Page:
Northcote locals will be familiar with the “Gray & Gray Barristers & Solicitors” sign painted in gold leaf on a shop window opposite the town hall on High Street. The business has been around since the 1930s, but now something far less litigious is lurking behind the original signage and vertical blinds.
“For me [the sign] is such a big identity of the street and we didn’t really want to alter it,” owner Boris Portnoy tells Broadsheet. “The earliest photo I have of it is from the mid-’70s – and the sign painter even included his name and number.”
Portnoy – who also owns next-door bakery All Are Welcome and its Thornbury sibling – took over the decades-old office space a year ago. Alongside the now-Melbourne-based winemaker Mitch Sokolin, he’s since turned it into a 28-seat wine bar and restaurant, with a focus on Russian and Georgian food. The pair have kept the name but added the two things they love most – making it Gray and Gray Bread and Wine.
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Portnoy and Sokolin were both raised in New York, with Russian-Jewish heritage. They met through a mutual friend and began making wine together in Georgia, a Caucasus nation at the intersection of Europe and Asia.
They hope to one day showcase the fruits of that labour at their new spot. Until then, the chalked-up wine list has left-of-centre drops from Georgia, Spain, France and Italy. And Sokolin can tell you the story of every grape and winemaker. The Pheasant’s Tears mtsvane (a white grape variety native to Georgia) “smells like tea”, and the Freya’s Marani tsolikouri-krakhuna (“a blend of two wildly grown varietals from central Georgia processed in an amphora”, Portnoy says) is by a young American expat who originally moved to Georgia to study music. There’s also a retail section up front.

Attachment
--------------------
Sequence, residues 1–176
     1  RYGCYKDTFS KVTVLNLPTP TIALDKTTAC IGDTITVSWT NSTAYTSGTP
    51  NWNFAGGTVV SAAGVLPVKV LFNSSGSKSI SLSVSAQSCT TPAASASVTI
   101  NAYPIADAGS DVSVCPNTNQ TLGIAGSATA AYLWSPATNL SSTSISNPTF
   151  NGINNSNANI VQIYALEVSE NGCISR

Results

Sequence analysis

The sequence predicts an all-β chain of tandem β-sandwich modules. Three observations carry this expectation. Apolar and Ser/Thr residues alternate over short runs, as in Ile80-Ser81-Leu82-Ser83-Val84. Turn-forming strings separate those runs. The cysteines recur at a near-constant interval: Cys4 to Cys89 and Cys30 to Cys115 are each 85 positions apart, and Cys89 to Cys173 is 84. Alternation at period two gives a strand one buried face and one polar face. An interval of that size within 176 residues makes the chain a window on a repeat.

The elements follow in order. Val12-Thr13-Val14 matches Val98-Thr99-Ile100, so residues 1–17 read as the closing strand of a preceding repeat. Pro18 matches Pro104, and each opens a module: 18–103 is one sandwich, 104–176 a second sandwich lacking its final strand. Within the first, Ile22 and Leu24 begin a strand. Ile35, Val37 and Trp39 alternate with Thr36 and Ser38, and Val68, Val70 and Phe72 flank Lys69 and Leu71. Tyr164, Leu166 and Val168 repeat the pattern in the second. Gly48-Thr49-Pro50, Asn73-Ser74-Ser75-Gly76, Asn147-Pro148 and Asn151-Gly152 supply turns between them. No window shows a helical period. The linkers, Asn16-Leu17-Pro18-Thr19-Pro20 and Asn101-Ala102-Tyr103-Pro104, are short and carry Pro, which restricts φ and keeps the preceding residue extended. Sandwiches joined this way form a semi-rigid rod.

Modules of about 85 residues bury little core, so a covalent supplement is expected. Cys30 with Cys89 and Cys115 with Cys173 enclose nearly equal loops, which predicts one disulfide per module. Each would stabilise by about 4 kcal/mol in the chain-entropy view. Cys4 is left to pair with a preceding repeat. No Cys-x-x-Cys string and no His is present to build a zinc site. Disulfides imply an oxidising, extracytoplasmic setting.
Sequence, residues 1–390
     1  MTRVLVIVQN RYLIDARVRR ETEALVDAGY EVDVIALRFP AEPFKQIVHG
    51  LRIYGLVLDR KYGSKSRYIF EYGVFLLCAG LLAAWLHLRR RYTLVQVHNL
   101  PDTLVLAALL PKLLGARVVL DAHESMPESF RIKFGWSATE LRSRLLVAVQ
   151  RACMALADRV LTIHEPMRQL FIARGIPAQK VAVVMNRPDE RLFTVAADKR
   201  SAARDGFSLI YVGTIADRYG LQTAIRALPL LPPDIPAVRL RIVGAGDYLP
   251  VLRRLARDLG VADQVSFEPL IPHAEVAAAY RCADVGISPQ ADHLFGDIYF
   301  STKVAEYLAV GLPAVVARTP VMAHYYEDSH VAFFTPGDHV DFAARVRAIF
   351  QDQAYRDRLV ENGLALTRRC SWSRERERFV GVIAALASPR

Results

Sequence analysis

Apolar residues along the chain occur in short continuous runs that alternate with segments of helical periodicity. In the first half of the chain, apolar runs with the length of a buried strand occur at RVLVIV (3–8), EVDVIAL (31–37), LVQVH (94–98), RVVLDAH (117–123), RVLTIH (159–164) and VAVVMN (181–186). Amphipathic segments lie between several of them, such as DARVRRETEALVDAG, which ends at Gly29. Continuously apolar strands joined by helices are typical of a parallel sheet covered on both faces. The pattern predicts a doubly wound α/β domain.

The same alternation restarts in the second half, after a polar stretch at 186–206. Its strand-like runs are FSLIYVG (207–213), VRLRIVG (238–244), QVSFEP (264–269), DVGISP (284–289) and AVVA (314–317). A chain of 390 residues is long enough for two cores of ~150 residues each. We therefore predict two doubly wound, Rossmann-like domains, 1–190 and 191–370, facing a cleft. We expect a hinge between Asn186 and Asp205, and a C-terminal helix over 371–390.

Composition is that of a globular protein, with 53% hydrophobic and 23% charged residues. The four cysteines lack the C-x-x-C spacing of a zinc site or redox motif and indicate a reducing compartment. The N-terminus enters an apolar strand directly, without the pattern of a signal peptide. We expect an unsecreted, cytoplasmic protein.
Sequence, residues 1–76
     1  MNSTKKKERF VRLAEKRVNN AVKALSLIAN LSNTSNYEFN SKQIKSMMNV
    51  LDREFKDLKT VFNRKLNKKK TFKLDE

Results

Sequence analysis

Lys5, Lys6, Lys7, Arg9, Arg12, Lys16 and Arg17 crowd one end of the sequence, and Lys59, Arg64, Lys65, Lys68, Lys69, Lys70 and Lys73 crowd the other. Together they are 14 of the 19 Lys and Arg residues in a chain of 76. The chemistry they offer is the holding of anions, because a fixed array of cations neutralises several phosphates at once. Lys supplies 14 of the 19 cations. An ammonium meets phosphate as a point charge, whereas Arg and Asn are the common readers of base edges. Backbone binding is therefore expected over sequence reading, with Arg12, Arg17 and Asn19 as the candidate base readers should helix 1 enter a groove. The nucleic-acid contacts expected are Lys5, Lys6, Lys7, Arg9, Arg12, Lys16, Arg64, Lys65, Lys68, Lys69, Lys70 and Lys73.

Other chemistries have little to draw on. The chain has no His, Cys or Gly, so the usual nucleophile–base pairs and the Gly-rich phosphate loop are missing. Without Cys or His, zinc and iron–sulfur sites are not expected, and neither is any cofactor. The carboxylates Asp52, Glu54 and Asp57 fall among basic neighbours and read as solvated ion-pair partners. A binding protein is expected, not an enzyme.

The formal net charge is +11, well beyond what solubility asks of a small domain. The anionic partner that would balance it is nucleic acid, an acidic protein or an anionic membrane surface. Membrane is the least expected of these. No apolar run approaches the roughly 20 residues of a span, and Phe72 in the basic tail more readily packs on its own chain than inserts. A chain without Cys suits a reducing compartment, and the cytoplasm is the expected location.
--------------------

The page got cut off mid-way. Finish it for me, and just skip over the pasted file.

Moving through, you get the feeling Portnoy has built the kitchen as a window to the restaurant, not the other way around. He plates up four-course tasting menus (à la carte will come eventually) looking out over the hand-tiled floor. There’s a raised communal table that extends to the service counter, with spots for two scattered around the edges.
“We’re not doing the usual Francophile cuisine of a wine bar … there’s some Russian food and a lot of Georgian food; those are the two things that are close to me,” Portnoy says.
The menu leans on the bakery for the first course; a selection of breads, the menu reads, comes with “various fats [perhaps miso butter or whipped lard], dairy and preserved vegetables”. Think dill-pickled cucumbers stained red with beetroot and house brinza (a fresh, salty sheep’s milk cheese used widely in Eastern Europe). Mackerel stands in for the usual pickled herring in the selyodka, which is dressed with minced padrón peppers and preserved blood lime (one of Portnoy’s many lockdown preserves); it’s served with a Georgian cornbread called mchadi.
The star of the main course is coulibiac, a flaky puff-pastry pie with salmon, hard-boiled egg, tarragon and a mustardy sauce. For dessert, Portnoy cuts and plates thick wedges of both his lofty 10-layered medovik (Russian honey cake) and makovy (poppy seed and fig torte).
Portnoy first opened All Are Welcome in 2017 with the team from Everyday Coffee. But before moving to Australia, he worked at The Restaurant at Meadowood, a three-Michelin-starred fine diner in the Napa Valley.
“I worked as a pastry chef before being a baker, so working in kitchens at night is not super new to me,” he says. “I always kind of imagined having the trinity of bread, pastries and wine.” And now that’s exactly what he’s got it.
Gray and Gray Bread and Wine
188 High Street, Northcote
0415 911 454
Thu to Sat 6pm–10pm